What does the Christian Pentecost have in common with the Jewish Shavuot?

“Shavuot is celebrated on the fiftieth day after Passover. Seven weeks after the miracle-filled liberation from Egypt, God gave His people the Torah,” explains Rabbi Oded Peles, an Israeli educator, in a commentary for the Heschel Center of the Catholic University of Lublin for the May 19 celebration of Pentecost. While Jews celebrate Pentecost (Shavuot) fifty days after Passover, Christians celebrate another Pentecost fifty days after Easter.

The reading for Pentecost Sunday from Acts of the Apostles (2,2) In the Hebrew version reads: “On the day the seven weeks were completed, they were all together”.

Pentecost in Hebrew is Shavuot which literally means – “the Weeks” – the name of the holiday in which according to the Jewish tradition, the Israelites received the Torah, the five books of Moses on Mount Sinai.

The Jewish Pentecost, Shavuot, is celebrated on the fiftieth day after Pesach, Passover. Seven weeks after the miraculous redemption out of Egypt – God gave the Torah to his people. However, the Exodus from Egypt was only the physical freedom of the Israelites. it was the beginning of a seven week process that climaxed with the spiritual freedom they gained once the Torah was given to them on Shavuot.

As commanded in the book of Leviticus (23,15-16): “…you shall count off seven weeks. They must be complete; you must count until the day after the seventh week—fifty days; then you shall bring an offering of new grain to God”. Annually in spring, we count forty nine days from Passover towards Shavuot Pentecost, elevating our spirituality and eagerly hoping to be worthy once again of receiving the Torah from God.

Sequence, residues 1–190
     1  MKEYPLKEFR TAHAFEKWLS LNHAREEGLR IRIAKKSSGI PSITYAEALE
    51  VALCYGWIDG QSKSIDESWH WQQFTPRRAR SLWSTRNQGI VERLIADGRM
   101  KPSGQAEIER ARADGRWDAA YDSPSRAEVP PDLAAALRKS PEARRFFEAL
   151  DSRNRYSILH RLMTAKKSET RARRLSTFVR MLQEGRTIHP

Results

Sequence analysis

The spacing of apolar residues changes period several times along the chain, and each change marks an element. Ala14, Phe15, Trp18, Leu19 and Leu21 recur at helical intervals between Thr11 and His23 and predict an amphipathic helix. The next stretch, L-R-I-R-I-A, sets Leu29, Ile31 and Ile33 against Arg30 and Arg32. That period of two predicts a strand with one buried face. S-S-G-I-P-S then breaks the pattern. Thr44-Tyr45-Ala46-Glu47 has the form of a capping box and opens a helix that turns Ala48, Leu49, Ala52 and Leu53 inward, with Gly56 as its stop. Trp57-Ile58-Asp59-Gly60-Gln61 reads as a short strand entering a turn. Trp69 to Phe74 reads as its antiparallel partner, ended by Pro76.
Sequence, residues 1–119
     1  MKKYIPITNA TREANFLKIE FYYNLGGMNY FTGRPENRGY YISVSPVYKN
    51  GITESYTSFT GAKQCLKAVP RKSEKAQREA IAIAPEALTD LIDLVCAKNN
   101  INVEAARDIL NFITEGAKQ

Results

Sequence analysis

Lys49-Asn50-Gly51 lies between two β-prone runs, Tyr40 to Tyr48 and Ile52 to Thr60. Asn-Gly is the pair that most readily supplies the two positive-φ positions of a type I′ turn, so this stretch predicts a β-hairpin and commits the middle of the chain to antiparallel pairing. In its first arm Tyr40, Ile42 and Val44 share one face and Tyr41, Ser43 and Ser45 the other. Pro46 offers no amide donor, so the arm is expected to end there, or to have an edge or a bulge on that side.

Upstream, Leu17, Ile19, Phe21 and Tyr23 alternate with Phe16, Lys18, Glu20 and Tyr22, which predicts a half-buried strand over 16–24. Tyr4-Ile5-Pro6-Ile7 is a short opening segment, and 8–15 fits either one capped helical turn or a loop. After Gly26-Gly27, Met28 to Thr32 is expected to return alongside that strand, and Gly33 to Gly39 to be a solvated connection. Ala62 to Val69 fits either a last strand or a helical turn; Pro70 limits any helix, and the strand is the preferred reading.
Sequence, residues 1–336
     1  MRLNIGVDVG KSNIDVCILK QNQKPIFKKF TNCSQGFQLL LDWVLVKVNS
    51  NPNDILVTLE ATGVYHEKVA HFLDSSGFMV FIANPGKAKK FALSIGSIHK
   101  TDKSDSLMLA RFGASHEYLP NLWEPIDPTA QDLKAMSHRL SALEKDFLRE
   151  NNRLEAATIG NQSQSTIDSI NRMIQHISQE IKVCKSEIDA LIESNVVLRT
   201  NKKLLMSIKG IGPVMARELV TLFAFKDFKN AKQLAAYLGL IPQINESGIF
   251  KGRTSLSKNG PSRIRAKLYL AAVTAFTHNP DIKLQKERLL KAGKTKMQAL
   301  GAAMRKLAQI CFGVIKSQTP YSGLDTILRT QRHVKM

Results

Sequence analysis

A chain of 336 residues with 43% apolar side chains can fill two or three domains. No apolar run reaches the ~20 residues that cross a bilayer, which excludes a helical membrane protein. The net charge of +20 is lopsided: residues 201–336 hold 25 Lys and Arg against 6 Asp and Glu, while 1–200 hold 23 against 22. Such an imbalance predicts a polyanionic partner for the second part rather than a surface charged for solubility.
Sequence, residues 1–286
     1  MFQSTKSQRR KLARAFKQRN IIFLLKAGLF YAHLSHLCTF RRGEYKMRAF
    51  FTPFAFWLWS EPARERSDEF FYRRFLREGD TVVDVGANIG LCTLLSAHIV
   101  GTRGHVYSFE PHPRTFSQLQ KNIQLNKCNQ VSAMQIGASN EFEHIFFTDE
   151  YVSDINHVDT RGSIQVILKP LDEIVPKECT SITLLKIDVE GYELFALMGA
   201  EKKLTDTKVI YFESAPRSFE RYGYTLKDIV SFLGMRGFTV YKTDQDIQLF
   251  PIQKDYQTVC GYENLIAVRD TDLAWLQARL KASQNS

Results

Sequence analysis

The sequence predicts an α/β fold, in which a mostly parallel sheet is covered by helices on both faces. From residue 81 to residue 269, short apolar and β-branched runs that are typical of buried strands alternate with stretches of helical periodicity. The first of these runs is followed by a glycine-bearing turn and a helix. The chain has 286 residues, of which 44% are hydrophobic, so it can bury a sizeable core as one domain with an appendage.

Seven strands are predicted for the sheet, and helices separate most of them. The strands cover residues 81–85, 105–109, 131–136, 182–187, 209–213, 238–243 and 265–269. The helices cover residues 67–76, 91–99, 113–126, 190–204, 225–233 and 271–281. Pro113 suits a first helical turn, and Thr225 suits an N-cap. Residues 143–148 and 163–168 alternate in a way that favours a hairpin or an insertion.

But what is required of the individuals and of the nation to be worthy of receiving God’s word?

The Midrash (Leviticus Rabbah 9, 9), a commentary on the Torah discusses peace:

“Peace is great, for with regard to all the journeys of the Israelites in the wilderness it is always written in plural: “And they journeyed … and they encamped”. They journeyed in conflict and encamped in conflict.  When, however, they came to Mount Sinai, they all became one encampment, as it reads in singular form: “And there Israel encamped before the mount” (Exodus 19,2). The Holy One, blessed be He, said: ‘Since Israel hates conflicts and loves peace and became one encampment, this is the time when I will give them My Torah’”. Rashi, the great commentator points out that at the foot of Mount Sinai, the Israelites camped “like one person with one heart!”. Once the nation camped united as one in peace and harmony, they reached spiritual freedom and were eligible to receive the word of God “Torah of life”.

Similarly, Acts states that the disciples were united in faith and prayer awaiting for the gifts of the Holy Spirit : ” With one heart all these joined constantly in prayer” (Acts 1, 14).

About the Author

Rabbi Oded Peles – cantor, musicologist, Israeli educator and tour guide. Oded Peles was born in Petach Tikva, Israel to a Dutch-German Jewish family. Following in the footsteps of his grandfather, a renowned cantor of the Rotterdam synagogue, the Netherlands, Oded has served and performed as a Cantor in communities worldwide, for over thirty years.